It’s refreshing to see a horror movie where the evil villain isn’t a witch or a clown, but a New Age-y serial killer who drinks green smoothies and wears a ponytail with a black turtleneck. In “Creep 2,” this serial killer, Aaron, is played brilliantly by Mark Duplass, who possesses the perfect blend of eerily detached passion and calculated murderousness.
The film, presented as discovered camcorder footage, follows a YouTube vlogger named Sara (Desiree Akhavan) who responds to Aaron’s vague Craigslist ad requesting a videographer for a day and offering $1000 as compensation. When they meet at a remote house in the forest, Aaron confesses in an enthralling monologue that he is a serial killer who has lost his passion for the art of murder: “It was my religion. But now, it’s like a job.”
He asks Sara if she will help him make a documentary about himself — a magnum opus portrait into the soul of a murderer — and promises he will give her unflinching access to his mind. Driven by her desire for artistic excellence and undeterred by his murdering tendencies, she agrees, and what follows is a day of strange conversations, layers of trickery and intense manipulation between the two.
“Creep 2” is writer-director Patrick Brice’s sequel to his first film, “Creep,” which also starred Duplass as the titular bad-guy. The first “Creep” was an amateurish exercise in the found-footage genre (one can’t help comparing any found-footage horror film to “The Blair Witch Project,” which simultaneously popularized and perfected the genre). The only pleasure of the film was Duplass’s portrayal of the murderer as an overbearingly nice guy with a smile that’s slightly too wide — a literal manifestation of the cliché ‘to kill someone with kindness.’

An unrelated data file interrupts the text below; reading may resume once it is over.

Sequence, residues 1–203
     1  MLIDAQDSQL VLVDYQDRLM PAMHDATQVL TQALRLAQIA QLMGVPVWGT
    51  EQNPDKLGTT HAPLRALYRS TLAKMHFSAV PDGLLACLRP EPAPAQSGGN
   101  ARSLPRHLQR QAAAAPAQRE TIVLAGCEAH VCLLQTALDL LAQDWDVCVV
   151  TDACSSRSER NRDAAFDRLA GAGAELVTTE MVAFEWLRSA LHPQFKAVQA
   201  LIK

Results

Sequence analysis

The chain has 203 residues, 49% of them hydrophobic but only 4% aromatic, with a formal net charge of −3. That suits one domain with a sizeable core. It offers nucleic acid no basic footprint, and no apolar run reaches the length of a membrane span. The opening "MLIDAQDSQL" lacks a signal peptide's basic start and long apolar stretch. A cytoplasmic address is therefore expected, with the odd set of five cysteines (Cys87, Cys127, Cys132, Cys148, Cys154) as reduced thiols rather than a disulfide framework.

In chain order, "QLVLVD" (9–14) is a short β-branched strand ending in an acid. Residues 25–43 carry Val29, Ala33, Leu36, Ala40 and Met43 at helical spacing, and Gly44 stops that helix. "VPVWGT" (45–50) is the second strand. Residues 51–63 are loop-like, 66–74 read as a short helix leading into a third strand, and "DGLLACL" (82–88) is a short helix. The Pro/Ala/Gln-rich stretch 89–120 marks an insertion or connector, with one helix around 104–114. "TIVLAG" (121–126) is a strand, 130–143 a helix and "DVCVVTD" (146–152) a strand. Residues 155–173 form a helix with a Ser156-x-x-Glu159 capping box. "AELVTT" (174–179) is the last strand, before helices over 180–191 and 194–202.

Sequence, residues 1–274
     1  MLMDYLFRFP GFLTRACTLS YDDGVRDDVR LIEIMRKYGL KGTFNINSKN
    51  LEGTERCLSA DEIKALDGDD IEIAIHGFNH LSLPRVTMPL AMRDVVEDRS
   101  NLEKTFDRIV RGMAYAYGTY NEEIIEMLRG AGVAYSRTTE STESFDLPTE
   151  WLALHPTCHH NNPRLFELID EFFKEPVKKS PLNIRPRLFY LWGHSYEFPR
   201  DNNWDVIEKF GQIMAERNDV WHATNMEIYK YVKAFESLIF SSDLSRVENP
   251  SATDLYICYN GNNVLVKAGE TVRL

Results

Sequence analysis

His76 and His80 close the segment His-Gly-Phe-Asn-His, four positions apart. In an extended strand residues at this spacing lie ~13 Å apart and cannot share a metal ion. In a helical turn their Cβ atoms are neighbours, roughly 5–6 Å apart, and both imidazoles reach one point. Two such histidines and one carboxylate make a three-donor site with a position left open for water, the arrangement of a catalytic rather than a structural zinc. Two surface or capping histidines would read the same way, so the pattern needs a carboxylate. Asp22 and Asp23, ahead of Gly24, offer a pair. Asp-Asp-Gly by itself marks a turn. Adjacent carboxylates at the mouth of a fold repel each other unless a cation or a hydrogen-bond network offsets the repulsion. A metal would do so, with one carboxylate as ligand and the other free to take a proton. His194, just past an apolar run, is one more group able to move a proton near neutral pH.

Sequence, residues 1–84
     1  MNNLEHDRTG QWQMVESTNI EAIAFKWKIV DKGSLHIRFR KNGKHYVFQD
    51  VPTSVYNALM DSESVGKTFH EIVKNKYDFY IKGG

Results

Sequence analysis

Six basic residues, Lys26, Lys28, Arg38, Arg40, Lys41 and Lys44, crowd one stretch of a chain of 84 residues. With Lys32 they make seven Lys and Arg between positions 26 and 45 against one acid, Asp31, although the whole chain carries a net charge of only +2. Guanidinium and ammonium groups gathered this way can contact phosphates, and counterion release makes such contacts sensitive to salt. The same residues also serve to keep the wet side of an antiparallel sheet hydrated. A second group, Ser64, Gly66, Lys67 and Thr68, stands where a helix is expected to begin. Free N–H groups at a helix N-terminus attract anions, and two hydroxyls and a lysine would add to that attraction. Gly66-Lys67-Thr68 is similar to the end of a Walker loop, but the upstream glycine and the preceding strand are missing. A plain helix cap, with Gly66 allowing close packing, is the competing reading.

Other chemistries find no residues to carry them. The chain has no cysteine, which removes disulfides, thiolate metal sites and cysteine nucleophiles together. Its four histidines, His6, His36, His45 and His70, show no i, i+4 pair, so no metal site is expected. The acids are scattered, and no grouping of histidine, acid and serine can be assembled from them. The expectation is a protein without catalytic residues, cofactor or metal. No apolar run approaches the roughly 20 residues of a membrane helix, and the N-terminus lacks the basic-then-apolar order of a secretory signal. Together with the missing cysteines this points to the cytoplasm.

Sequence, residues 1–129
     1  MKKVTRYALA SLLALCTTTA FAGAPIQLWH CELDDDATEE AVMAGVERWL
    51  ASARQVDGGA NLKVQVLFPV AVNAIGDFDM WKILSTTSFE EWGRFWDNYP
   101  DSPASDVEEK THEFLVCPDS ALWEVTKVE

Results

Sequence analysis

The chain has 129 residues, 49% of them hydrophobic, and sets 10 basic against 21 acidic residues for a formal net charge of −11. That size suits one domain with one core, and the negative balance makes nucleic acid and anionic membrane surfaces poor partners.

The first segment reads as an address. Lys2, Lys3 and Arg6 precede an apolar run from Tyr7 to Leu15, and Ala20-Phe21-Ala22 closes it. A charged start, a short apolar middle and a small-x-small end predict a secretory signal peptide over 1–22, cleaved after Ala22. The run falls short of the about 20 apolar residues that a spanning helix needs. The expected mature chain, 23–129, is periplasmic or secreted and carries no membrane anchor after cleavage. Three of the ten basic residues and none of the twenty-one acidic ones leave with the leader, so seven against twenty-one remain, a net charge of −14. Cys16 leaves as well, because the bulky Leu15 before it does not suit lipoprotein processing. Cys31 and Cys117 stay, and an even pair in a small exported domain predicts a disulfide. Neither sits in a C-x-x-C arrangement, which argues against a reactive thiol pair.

The good news is that Brice has made a better film, although it suffers from many of the same shortcomings. For all of Duplass’s creepiness in the leading role, the movie lacks any terror. We feel more like removed spectators, watching the weirdness unfold but never feeling enveloped in the story.
It’s a horror film without the horror and a psychological thriller without the thrills.
“Creep 2” falls even flatter when it tries to meditate on artistry and journalism. In one scene, Aaron brings up a book he’s read, “The Journalist and the Murderer” by Janet Malcolm, while commentating on how Sara has manipulated some facts to ingratiate herself with him.
Why do films throw in overt references to book titles when trying to make a point? If the film really offered any insight into the journalist-subject relationship (it doesn’t), surely it would speak for itself and not require a heavy-handed reference to a text that describes the same thematic elements with much more nuance and elegance.
The beauty of Brice’s previous film, “The Overnight,” was in the utter simplicity of the plot, which unfolded naturally and displayed his keen sexual wit. The script, also penned by Brice, gave the talented cast room to breathe and develop the story. In “Creep 2,” Brice has tried to do too much.
His attempt to make a horror-art-comedy film has resulted in a somewhat creepy, moderately funny and intellectually derivative work with little to say about its stated themes of journalistic and artistic integrity.
In the end, the only thing Brice fully succeeds in doing is making an autobiography. He is Aaron, the artistically lost auteur (thankfully, Brice is a filmmaker and not an axe-murderer) aiming to make nothing less than a masterpiece. Stuffing so much into 80 minutes ensures the film is ultimately unsatisfying, and instead of offering an interesting resolution, Brice simply piles on more and more deceit until not only are we unsure who is lying and who is telling the truth, but we don’t care. “Creep 2” is worth seeing for Duplass’s performance and Duplass’s performance alone.
Contact Jack Wareham at [email protected].